After so much promise from their new generation iteration of the NHL series, EA Sports ultimately failed to meet the expectations of NHL 15 for the Xbox One and PlayStation 4.
With major game modes like EA Sports Hockey League and GM Connected (Online Franchise) omitted from the game, EA produced an excellent game based on the gameplay, but left out the variety that kept NHL an exciting game for hockey fans.
Before the official reveal of the game modes just weeks before NHL 15’s release, this year’s game was shown to be incredibly promising after winning the E3 Critic Awards’ Sports Game of the Year.
The award to EA was certainly not understandable. The base of the game is fantastic as the visuals took an incredible jump from the previous generation games. Along with fantastic new commentary and smooth gameplay, it seemed NHL 15 was going to be the best upgrade to the series in a very long time.
But now that the core of the game is set, and the resources allocated to development should be able to handle the addition of the game modes and fine-tuning the rest of the game to make NHL 16 a worth-while product.
Here’s what needs to happen for NHL 16:
- The return of EASHL and GM Connected. A club mode with all the features present in the last NHL game’s rendition present. EA Sports Hockey League and GM Connected are crucial components of the NHL series since their launches in NHL 09 and NHL 13 (respectively). The removal of these modes in NHL 15 was unacceptable for the majority of fans.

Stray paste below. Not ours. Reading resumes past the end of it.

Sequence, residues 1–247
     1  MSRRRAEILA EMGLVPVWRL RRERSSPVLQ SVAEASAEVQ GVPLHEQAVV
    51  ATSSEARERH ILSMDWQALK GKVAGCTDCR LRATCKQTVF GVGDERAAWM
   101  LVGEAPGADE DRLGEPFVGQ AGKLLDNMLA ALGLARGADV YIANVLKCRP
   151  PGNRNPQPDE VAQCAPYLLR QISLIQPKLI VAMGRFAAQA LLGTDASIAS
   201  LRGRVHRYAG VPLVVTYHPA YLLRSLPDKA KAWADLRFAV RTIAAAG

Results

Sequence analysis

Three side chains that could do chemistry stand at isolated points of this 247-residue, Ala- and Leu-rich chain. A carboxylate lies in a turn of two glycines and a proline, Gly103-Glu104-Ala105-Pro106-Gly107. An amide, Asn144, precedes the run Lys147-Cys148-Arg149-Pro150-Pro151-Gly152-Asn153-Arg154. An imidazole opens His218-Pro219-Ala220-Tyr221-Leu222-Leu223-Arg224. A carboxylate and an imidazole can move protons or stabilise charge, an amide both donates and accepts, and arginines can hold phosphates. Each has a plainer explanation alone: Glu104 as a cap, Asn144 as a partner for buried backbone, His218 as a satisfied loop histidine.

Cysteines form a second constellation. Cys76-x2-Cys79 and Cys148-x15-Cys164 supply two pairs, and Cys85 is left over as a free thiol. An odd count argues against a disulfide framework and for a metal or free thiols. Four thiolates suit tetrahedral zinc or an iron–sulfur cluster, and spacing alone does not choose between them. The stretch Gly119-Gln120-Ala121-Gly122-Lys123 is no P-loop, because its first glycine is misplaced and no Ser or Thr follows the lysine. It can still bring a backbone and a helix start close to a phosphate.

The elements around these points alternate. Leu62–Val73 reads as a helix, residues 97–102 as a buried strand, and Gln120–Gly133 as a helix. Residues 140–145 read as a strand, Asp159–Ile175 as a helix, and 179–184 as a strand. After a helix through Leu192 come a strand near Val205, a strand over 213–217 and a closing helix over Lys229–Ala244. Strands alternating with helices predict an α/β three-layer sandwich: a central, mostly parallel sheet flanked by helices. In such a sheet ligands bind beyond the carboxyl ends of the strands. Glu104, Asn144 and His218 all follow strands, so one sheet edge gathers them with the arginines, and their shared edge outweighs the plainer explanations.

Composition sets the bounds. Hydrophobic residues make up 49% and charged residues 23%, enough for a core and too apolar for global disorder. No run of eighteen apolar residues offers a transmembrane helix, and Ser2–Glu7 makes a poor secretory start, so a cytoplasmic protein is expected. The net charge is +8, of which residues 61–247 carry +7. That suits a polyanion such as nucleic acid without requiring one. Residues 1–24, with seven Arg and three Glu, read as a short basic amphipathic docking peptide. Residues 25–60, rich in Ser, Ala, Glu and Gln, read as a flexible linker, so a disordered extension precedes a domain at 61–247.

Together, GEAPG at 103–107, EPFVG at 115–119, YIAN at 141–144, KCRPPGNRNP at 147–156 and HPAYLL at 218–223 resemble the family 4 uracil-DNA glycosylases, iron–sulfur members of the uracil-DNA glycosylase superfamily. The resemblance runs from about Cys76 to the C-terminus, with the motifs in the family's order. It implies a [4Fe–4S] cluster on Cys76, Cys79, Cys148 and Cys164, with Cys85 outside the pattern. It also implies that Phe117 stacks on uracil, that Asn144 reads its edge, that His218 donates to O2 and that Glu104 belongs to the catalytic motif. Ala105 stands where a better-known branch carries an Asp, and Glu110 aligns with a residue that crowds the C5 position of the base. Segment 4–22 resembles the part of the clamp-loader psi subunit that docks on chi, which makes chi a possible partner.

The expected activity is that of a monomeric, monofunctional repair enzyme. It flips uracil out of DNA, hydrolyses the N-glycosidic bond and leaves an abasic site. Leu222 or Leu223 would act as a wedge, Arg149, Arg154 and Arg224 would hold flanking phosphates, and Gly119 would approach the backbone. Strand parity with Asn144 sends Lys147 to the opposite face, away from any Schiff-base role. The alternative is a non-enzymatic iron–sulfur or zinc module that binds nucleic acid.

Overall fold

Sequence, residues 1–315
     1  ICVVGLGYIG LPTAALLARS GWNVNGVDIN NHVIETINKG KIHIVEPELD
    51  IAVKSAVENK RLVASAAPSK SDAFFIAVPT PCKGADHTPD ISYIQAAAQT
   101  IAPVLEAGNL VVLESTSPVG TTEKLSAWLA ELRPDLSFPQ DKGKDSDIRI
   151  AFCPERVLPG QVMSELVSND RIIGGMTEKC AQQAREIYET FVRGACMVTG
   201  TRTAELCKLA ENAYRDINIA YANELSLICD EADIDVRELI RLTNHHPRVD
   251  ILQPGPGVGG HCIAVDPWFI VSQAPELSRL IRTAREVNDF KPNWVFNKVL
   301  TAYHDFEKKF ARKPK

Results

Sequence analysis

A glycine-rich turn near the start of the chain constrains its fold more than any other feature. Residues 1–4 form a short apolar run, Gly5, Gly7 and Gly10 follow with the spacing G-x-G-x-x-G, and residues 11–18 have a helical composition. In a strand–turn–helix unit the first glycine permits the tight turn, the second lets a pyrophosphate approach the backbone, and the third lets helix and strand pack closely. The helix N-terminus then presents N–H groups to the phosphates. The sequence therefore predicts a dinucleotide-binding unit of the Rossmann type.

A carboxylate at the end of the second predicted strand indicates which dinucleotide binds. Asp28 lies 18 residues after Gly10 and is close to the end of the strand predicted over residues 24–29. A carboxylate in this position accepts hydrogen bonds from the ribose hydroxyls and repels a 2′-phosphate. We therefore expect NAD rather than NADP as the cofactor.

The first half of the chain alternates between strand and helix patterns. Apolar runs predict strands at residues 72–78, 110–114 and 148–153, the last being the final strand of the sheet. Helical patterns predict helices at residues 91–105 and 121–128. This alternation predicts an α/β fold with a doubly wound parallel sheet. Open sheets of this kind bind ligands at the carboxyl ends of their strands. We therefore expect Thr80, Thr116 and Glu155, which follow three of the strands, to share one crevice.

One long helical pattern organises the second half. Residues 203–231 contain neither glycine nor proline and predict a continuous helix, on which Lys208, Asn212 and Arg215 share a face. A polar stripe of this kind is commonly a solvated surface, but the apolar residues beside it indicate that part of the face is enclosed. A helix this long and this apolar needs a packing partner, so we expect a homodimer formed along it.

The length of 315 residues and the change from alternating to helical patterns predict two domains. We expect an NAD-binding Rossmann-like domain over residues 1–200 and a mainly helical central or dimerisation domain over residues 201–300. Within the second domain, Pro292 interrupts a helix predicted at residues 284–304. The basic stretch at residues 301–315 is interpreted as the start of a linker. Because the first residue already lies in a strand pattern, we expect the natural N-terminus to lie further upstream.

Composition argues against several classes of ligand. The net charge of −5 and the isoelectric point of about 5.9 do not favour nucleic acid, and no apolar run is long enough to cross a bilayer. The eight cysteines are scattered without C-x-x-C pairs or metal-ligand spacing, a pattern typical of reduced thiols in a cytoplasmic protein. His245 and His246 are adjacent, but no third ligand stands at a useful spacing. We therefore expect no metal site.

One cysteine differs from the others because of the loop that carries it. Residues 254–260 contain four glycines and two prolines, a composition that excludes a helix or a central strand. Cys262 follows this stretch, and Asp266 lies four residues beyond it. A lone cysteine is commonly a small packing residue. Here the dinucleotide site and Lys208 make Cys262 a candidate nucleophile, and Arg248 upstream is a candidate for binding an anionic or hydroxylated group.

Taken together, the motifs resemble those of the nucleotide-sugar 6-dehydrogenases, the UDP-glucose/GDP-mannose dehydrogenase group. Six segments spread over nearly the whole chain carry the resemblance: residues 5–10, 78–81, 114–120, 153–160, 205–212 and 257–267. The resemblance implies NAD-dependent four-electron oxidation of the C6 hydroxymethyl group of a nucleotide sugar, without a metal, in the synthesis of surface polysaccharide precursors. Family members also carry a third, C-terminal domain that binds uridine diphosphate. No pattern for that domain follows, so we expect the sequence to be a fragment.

- Implementation of EA’s “Game Face” technology with the NHL series would be greatly appreciated. The FIFA and Madden series have long incorporated the more personalized touch to their online game modes and its certainly time for NHL to do the same. While there was some customization to faces with scars, complexion modifications, and eye color offered to be edited and changed, NHL 15 removed the bulk of this customization and left players with a single list of preset faces.
- More detailed customization of EASHL team logo and jersey designs. Since EASHL’s advent in 2008, virtually zero upgrades to team personalization have been added. Coming up on the seventh year later, there is little reason for such a meager assortment. With other games like GTA, and Call of Duty promoting very customizable (albeit small) options for gang symbols, weapon decals, and logos, NHL currently offers nothing that can be compared to the level of detail permitted in these other games.
- Tune down the jersey flutter. Adding the layered player models to the game looks fantastic upon first glance, but after repeated play, many gamers will notice the absurd amount that the jerseys dance with the nonexistent wind.
- Slow down the dekes. The one-touch deking system is another great addition to the game to create smoother looking movement on the ice, but when players like Zac Rinaldo can seemingly cut and maneuver in the same vein as Vladimir Tarasenko there is a definite problem. Greater variation in how the “deking” stat is attributed to players is needed.
While there are certainly other issues and problems that fans can gripe about like there is every year, EA must take an intrinsic focus to ensure that the continuation of NHL on the new generation not only optimizes the bugs and minor issues, but also deliver on the players’ expectations for fleshed out variety of game modes and immediately noticeable improvements.